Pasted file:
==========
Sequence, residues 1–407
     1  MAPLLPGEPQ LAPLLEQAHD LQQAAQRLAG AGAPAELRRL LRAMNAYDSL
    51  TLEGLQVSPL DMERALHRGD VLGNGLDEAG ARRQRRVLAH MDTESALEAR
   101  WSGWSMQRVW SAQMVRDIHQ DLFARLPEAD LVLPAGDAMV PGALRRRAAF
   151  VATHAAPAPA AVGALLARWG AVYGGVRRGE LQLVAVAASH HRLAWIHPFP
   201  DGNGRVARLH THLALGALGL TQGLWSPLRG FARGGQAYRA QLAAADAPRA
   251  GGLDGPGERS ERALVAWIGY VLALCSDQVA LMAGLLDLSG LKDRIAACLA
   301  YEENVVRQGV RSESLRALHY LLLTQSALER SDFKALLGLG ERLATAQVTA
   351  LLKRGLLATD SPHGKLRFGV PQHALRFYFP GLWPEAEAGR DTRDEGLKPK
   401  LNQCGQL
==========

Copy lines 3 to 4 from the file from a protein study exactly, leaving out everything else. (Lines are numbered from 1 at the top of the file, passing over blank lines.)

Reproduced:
    51  TLEGLQVSPL DMERALHRGD VLGNGLDEAG ARRQRRVLAH MDTESALEAR
   101  WSGWSMQRVW SAQMVRDIHQ DLFARLPEAD LVLPAGDAMV PGALRRRAAF